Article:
I remember talking to a friend about my history of romantic relationships (or lack thereof) and he said the tried and true cliché, “Don’t worry, there are plenty of fish in the sea.” I’m sure that would have been comforting, if I hadn’t been land-locked in my relationships.
At the time, none of my current friendships were on an imminent path to a relationship. So I was left with my arms full of singleness and nothing to do with it. Wait, scratch that. There was plenty for me to do—and if you’re single with no prospects, there’s plenty for you to do, too.
For starters, dedicate time to explore and find your place in ministry.
This is something everyone should do, the earlier the better. Perhaps it’s working childcare on Sunday morning or joining with a group that does weekly service projects. Being single affords a unique chance to do this. Only balancing one schedule and being able to branch out into a different church’s ministry makes this process much easier than when in a couple.
I was able to easily follow God into a church ministry internship, mostly because I didn’t have a relationship complicating a move to a different state.
You can invest time into your family, too.
I’m talking about an active investment. Sitting on the couch together watching a movie is great, but it will eventually be forgotten. If you have nieces or nephews, teach them things. Take them for a surprise ice cream. Hug and kiss them without reserve.
My oldest nephew has a habit of very lightly brushing my arm when sitting next to me, and it absolutely gave me the heebie jeebies. Touching was not a common way for me to express affection, but it was for him. I tried to suppress my instinct to stop him. As much as it weirded me out, it was important to show him that I was there for what he needs.
If it takes you out of your comfort zone, don’t withdraw. People remember when you took that extra step to include them. For adult family members, it’s surprisingly similar. Actively find ways to spend time focused on each other. Try to spend time in their world even if it takes you out of yours.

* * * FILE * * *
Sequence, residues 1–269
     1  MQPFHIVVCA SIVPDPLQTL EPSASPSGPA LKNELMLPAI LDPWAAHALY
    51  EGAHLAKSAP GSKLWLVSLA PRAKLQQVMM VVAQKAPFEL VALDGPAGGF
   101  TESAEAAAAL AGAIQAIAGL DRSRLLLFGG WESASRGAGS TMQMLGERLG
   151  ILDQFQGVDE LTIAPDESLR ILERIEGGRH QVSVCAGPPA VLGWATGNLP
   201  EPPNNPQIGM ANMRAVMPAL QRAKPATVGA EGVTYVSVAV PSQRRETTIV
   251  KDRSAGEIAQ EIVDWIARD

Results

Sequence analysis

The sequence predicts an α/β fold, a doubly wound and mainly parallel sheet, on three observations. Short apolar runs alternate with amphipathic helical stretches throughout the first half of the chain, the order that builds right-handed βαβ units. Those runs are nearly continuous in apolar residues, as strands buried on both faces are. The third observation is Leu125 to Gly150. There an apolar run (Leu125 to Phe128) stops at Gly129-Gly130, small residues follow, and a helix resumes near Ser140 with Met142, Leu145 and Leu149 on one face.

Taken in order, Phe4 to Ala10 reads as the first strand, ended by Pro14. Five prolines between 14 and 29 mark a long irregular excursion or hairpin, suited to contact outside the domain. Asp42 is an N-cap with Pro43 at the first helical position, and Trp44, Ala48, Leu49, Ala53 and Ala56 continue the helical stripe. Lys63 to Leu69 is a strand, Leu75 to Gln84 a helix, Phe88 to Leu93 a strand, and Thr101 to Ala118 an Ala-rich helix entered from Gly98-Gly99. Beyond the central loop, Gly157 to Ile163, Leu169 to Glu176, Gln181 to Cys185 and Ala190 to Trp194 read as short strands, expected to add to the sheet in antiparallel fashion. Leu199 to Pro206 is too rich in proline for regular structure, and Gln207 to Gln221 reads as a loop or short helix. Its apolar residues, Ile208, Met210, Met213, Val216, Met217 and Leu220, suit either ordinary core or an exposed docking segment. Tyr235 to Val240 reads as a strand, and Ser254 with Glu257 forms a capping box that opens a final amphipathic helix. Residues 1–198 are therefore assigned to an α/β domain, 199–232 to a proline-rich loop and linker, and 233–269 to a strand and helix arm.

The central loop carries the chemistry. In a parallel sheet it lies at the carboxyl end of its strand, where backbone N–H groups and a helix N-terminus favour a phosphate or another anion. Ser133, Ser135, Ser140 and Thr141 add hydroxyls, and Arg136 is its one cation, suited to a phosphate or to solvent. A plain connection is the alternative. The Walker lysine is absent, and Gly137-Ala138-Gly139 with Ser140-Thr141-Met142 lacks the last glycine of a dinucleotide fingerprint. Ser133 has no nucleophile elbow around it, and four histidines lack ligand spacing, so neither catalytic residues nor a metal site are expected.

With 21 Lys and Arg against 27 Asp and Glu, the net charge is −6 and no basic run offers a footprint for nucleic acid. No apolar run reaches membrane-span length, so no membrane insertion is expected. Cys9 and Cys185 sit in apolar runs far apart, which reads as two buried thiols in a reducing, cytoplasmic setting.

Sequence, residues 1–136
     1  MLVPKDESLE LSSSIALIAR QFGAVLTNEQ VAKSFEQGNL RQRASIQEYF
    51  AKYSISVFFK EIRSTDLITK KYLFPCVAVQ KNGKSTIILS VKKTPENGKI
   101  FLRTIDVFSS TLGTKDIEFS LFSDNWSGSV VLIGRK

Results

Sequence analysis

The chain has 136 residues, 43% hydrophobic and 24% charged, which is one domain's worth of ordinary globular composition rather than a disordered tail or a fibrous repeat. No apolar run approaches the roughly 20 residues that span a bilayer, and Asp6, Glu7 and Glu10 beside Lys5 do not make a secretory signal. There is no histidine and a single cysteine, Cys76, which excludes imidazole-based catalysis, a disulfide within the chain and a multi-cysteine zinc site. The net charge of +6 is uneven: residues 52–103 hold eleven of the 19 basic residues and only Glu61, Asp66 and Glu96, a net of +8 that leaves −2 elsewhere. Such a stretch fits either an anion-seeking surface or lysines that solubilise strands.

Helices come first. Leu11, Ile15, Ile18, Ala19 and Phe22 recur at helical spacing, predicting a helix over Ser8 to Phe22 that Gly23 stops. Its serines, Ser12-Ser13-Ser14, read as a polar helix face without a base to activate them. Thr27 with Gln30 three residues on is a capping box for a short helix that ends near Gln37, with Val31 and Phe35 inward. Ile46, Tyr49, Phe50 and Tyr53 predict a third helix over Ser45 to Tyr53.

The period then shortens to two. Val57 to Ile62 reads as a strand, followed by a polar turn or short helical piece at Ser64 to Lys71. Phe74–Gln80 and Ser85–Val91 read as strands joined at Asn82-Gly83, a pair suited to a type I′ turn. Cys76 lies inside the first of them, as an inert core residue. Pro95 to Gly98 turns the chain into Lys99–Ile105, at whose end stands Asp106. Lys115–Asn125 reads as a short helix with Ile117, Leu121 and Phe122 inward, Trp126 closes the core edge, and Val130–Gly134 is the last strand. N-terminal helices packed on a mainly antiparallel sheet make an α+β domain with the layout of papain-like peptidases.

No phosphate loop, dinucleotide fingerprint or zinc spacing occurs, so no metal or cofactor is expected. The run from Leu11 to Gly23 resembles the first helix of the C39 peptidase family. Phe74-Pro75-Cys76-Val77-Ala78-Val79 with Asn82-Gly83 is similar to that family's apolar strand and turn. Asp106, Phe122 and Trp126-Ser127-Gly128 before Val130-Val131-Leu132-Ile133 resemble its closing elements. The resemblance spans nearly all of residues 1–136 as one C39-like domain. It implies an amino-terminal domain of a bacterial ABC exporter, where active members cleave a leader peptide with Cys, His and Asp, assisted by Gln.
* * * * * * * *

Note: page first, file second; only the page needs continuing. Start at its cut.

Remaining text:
How about a hobby?
I’ve watched many people leave their hobbies behind for a relationship because, when schedules and budgets tighten up, hobbies are one of the first non-necessities to be cut. The time when you’re single is a great time to delve into it.
My hobby of choice was a time-consuming, extremely nerdy tabletop game. I found it a blast and relaxing to play. But if you’re seriously dating someone and it comes down to the game or a healthier relationship the game has to go. (If you date a girl who likes the same hobbies as you, you’ll know God’s hand is on that relationship!)
And what about your dream job?
Not everyone has that one job that they’ve dreamed of having. I had time to do some job searching and determine a career while I was single. All I knew was I wanted to write in some manner.
But for those who have had that dream, is it not easier to pursue it when you’re single? Not only do you have that oft-forgotten, wonderful freedom of movement that comes with being single, but the pressure of supporting an engagement/marriage/family isn’t present. The list of excuses not to pursue a job lengthens drastically once you get into a relationship.
What are some other ways to take advantage of this stage of life? If you know someone who needs to read this, will you email it to them to encourage them?